2008 LPGA Tour Year in Review

1 of 23 Andy Lyons/Getty Images
2008 LPGA Tour Year in Review Annika Sorenstam opened the 2008 LPGA Tour season with a two-shot win at the SBS Open at Turtle Bay.
2 of 23 Mel Evans/AP
Rookie Yani Tseng, playing in only her third major championship, became the youngest winner of the LPGA Championship, when she beat Maria Hjorth in a four-hole playoff.
3 of 23 Mike Ehrmann/SI
Inbee Park became the youngest winner of the U.S. Women's Open by closing with a 2-under 71.
4 of 23 Lee Milner/State Farm Classic via Getty Images
Michelle Wie was one shot off the lead going into the final round of the State Farm Classic, but she was disqualified after it was discovered she didn't sign her scorecard after the second round. Wie did not make enough money to earn a Tour card, and she was forced to enter LPGA qualifying school.
5 of 23 David Cannon/Getty Images
Ji-Yai Shin, a 20-year-old South Korean, won her first major at the Women's British Open.
6 of 23 David Cannon/Getty Images
In August, the LPGA Tour created a public relations nightmare when it was announced players would be suspended if they failed to learn English. The Tour eventually backed off from threatening suspensions after several lawmakers and sponsors protested the new policy.
7 of 23 Jamie Martin/AP
Ochoa won the Navistar LPGA Classic for her seventh win of the year.
8 of 23 Eric Risberg/AP
Creamer beat Song-Hee Kim by a stroke at the Samsung World Championship.
9 of 23 Matt York/AP
Morgan Pressel birdied the final hole to win the inaugural Kapalua Classic by one stroke, her first win since the 2007 Kraft Nabisco Championship.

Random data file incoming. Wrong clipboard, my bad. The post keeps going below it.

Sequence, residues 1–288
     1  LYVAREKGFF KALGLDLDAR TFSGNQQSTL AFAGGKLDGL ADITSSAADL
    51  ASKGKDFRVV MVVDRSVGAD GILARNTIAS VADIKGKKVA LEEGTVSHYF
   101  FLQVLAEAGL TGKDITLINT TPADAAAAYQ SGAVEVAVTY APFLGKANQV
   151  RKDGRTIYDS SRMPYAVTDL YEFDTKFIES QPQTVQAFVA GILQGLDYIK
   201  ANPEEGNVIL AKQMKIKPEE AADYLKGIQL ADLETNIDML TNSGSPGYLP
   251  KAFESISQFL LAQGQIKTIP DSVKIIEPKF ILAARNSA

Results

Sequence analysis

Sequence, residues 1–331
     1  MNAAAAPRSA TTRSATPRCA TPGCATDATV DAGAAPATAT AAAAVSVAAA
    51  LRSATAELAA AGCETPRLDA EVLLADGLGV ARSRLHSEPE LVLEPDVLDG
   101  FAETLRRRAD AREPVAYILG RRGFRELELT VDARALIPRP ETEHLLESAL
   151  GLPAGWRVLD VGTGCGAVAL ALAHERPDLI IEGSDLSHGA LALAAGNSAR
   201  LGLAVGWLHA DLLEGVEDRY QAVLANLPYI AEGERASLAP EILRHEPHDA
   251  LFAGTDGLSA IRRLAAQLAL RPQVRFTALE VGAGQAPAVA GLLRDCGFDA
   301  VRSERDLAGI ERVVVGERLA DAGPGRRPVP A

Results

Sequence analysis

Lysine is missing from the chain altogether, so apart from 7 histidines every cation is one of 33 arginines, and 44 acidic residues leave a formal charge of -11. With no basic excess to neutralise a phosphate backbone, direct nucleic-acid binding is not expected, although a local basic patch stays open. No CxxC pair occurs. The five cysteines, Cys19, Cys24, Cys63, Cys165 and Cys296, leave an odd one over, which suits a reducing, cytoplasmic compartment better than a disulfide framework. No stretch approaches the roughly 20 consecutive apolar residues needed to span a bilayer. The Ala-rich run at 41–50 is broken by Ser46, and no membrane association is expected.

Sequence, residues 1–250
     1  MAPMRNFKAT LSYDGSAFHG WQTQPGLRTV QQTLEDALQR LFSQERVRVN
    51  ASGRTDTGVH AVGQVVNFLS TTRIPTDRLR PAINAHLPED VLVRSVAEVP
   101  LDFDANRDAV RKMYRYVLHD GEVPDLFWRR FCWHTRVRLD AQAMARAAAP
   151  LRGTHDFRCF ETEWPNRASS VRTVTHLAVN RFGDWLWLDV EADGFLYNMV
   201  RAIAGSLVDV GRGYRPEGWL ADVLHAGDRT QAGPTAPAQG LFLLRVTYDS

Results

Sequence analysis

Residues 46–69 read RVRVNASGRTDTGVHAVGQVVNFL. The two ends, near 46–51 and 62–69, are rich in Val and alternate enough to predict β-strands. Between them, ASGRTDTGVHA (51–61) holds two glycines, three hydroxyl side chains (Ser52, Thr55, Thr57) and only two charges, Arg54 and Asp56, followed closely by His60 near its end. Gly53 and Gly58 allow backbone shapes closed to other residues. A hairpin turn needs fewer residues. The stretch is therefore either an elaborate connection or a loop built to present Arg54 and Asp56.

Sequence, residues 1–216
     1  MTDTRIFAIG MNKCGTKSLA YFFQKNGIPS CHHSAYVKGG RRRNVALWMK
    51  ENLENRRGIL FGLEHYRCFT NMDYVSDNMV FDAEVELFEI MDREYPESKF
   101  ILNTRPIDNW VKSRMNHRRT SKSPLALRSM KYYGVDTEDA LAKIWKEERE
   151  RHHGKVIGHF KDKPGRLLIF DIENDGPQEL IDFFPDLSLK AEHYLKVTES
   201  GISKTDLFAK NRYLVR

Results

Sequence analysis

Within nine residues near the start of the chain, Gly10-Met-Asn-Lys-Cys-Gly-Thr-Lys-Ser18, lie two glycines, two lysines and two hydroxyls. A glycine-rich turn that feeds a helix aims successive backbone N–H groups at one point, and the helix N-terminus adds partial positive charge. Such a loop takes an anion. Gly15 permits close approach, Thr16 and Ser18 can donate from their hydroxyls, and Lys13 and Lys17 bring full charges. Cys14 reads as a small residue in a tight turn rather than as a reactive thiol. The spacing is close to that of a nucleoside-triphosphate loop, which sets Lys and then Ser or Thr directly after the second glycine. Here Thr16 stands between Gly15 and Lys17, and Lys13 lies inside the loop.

10 of 23 David Walberg/SI
Sorenstam capped her historic career at the ADT Championship. Unfortunately, it wasn't the finish she wanted. Sorenstam missed the cut, then the LPGA Tour made her take a drug test for the second time in two weeks.
11 of 23 David Bergman/SI
Ochoa won her third-straight Sybase Classic. It was her sixth win in nine starts.
12 of 23 Rich Schultz/AP
Sorenstam shocked the golfing world before the start of the Sybase Classic when she announced she will retire at the end of the season to focus on other interests in her life. "I have other priorities," she said. "A lot of dreams I want to follow. I'm getting married next January, and I want to start a family and continue to build the Annika brand of businesses, including my academy, my foundation, and my golf course design projects."
13 of 23 Hunter Martin/Getty Images
Sorenstam was sprayed with beer after winning the Michelob Ultra Open at Kingsmill Resort & Spa.
14 of 23 Ronen Zilberman/AP
Paula Creamer birdied four of the final five holes to win by one at the Fields Open in Hawaii.
15 of 23 Ross Kinnaird/Getty Images
The Tour moved to Singapore where Lorena Ochoa nabbed her first win of the year at the HSBC Women's Champions. The Tour's three biggest stars -- Ochoa, Sorenstam and Creamer -- would combine to win 11 of the first 12 events of the season.
16 of 23 Hunter Martin/Getty Images
Creamer won by two shots at the Jamie Farr Owens Corning Classic.
17 of 23 Jonathan Ferrey/Getty Images
Ochoa won the Safeway International by five shots.
18 of 23 Robert Beck/SI
Ochoa took a dip in the lake surrounding the 18th green after winning the first major of the year, the Kraft Nabisco Championship.
19 of 23 Kevin C. Cox/Getty Images
The following week, Ochoa became the second-youngest player to qualify for the LPGA Tour Hall of Fame when she won the Corona Championship by 11 strokes. She must remain on tour until 2012 to be eligible for induction.
20 of 23 Reinhold Matay/AP
Ochoa then became the first player in 45 years to win four tournaments in consecutive weeks with her three-stroke victory at the Ginn Open.
21 of 23 Alan Diaz/AP
Creamer's putt stopped just short in a playoff against Sorenstam in the Stanford International Pro-Am.
22 of 23 Sue Ogrocki/AP
Creamer found herself in another playoff the next week at the SemGroup Championship. Creamer won this time, beating Juli Inkster on the second hole.
23 of 23 Montana Pritchard/Getty Images
Ji-Yai Shin won the ADT Championship, plus the $1 million prize.• Return to 2008 Year-in-Review Homepage